Periódicos Brasileiros em Medicina Veterinária e Zootecnia

p. 88-96

Origin, transfer and distribution of cantharidin-related compounds in the blister beetle Hycleus scabiosae

Nikbakhtzadeh, M. RVahedi, MVatandoost, HMehdinia, A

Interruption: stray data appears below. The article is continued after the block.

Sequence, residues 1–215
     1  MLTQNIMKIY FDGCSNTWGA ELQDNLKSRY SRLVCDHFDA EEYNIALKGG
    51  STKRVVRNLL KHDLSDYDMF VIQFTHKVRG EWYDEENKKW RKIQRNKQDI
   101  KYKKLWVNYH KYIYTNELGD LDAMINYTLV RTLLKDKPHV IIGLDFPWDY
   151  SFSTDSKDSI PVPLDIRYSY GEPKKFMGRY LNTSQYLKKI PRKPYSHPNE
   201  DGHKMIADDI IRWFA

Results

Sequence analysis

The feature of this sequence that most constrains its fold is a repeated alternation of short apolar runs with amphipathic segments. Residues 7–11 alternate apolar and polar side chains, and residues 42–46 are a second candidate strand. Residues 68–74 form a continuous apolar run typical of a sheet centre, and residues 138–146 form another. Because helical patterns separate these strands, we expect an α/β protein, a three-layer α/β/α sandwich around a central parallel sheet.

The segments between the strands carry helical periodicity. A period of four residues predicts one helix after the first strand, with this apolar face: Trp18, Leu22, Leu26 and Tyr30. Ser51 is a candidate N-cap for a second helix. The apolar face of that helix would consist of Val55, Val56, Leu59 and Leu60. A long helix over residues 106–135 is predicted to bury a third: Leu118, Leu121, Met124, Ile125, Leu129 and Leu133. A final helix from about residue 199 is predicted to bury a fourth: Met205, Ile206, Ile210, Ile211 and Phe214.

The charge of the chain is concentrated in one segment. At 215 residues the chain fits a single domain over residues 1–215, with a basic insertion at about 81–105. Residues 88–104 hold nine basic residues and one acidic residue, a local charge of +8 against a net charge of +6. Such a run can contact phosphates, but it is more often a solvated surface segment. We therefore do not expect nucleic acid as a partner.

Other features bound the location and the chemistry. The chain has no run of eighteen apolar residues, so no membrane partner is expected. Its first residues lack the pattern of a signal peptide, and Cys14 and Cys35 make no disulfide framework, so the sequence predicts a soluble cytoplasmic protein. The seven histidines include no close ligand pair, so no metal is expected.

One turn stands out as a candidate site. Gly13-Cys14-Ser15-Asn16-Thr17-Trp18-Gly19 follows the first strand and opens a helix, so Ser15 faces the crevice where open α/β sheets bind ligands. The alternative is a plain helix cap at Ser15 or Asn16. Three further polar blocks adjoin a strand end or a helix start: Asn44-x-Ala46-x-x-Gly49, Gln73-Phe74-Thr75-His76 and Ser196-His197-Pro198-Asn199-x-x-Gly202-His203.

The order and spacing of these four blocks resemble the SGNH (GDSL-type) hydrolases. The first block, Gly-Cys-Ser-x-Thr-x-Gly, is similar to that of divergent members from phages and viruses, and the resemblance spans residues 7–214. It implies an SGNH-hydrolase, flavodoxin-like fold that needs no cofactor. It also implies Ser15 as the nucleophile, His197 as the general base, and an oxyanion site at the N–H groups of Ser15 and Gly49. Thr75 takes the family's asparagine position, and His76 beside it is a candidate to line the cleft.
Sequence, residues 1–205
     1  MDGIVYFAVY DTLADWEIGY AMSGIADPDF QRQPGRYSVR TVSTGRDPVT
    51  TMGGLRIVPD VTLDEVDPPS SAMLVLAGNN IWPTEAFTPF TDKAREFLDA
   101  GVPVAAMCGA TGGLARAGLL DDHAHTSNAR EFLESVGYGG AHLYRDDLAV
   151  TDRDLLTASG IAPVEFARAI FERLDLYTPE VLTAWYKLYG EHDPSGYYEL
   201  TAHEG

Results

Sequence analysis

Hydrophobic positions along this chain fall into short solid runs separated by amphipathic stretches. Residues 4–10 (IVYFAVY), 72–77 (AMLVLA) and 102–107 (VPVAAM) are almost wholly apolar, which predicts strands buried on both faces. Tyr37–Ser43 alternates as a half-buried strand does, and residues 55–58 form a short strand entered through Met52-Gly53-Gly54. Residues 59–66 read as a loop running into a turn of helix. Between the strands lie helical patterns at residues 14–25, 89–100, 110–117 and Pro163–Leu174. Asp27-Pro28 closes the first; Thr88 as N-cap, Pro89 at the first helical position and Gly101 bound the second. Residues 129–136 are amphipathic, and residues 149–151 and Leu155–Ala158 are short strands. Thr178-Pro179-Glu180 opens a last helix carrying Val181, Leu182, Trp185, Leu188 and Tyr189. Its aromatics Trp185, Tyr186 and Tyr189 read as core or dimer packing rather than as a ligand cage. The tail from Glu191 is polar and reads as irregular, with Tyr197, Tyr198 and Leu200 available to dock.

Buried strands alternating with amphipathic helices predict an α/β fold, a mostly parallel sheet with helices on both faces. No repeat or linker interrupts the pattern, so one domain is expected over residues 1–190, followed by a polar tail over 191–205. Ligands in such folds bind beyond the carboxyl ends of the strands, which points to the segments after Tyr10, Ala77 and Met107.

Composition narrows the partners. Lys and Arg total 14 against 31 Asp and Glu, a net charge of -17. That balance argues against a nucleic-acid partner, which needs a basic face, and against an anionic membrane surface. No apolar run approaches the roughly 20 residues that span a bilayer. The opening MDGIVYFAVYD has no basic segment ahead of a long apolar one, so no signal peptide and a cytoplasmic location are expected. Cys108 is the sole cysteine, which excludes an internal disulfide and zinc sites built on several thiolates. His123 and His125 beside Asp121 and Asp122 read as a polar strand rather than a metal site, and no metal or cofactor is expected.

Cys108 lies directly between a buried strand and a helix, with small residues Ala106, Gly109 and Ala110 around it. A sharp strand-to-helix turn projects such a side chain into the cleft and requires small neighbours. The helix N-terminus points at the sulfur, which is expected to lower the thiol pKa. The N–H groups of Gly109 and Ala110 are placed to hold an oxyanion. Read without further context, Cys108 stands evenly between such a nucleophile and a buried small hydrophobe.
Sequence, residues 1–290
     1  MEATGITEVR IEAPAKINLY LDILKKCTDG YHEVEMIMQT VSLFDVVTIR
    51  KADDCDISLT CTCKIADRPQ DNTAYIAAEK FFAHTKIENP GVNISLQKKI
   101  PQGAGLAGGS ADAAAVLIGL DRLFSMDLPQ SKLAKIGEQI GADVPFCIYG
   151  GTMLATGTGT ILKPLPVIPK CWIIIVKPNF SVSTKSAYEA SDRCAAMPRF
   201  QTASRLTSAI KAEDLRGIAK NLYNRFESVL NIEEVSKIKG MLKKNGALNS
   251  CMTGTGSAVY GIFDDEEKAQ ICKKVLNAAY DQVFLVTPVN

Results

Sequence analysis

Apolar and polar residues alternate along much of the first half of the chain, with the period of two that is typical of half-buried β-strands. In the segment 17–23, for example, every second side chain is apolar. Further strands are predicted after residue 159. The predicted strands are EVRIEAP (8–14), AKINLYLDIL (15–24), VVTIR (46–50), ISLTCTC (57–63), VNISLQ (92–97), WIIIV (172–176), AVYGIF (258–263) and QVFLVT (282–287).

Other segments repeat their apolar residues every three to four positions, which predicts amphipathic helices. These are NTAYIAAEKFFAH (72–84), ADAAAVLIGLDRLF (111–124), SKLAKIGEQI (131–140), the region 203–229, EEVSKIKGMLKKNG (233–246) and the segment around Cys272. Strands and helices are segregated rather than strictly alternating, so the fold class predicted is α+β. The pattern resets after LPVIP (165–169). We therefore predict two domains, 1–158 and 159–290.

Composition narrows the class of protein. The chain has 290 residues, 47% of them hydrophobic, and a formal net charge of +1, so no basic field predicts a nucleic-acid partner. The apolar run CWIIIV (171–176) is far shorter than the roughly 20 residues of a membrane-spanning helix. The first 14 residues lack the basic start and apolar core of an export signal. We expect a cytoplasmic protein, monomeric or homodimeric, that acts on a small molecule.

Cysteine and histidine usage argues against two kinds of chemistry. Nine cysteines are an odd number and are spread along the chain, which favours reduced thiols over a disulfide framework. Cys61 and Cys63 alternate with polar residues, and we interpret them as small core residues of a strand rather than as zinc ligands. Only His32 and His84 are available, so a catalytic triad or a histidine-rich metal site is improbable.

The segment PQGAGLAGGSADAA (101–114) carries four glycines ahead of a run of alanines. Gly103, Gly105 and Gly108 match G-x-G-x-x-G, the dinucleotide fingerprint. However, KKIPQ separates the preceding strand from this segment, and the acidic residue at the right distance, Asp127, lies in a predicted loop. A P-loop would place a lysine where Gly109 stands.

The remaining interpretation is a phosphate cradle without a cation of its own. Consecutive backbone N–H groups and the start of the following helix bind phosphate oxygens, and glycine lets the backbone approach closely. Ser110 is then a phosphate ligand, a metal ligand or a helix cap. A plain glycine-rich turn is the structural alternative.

Cantharidin provides chemical protection for the coleopteran families Meloidae and Oedemeridae. In the present study, it was observed that cantharidin concentration in Hycleus scabiosae was slightly decreased from mated females (mean = 0.011 mg/mg of dry weight) to males (mean = 0.010 mg/mg) and considerably diminished in relation to virgin females (mean = 0.005 mg/mg). Significant concentrations of palasonin (21.69 ng/mg among virgins and 17.49 ng/mg in mated females) and palasoninimide (14.62 ng/mg in virgins and 9.17 ng/mg in mated females) were found in H. scabiosae. Palasonin, palasoninimide and cantharidinimide content of eggs were measured as 5.61, 7.69 and 7.80 ng/mg respectively. Surprisingly, males showed no trace of cantharidin-related compounds (CRCs); therefore CRCs in H. scabiosae could not be transferred from males to females and based on experiments employing its deuterated form, cantharidin is probably independently synthesized in females from the male nuptial transfer. An inseminated female incorporates about 38.5 ng of cantharidin (0.34 percent of the maternal content), 196.35 ng of palasonin (91.82 percent of maternal content) and 269.15 ng of palasoninimide (96.70 percent maternal content) into each egg mass during oviposition. It seems that eggs of this meloid species exploit a different array of protective chemicals by increasing the ratio of CRCs versus cantharidin. CRCs are less toxic than cantharidin; therefore, such compounds might have been deposited in eggs as a safer substitute for cantharidin to provide effective protection, but does not simultaneously harm the susceptible embryo.(AU)

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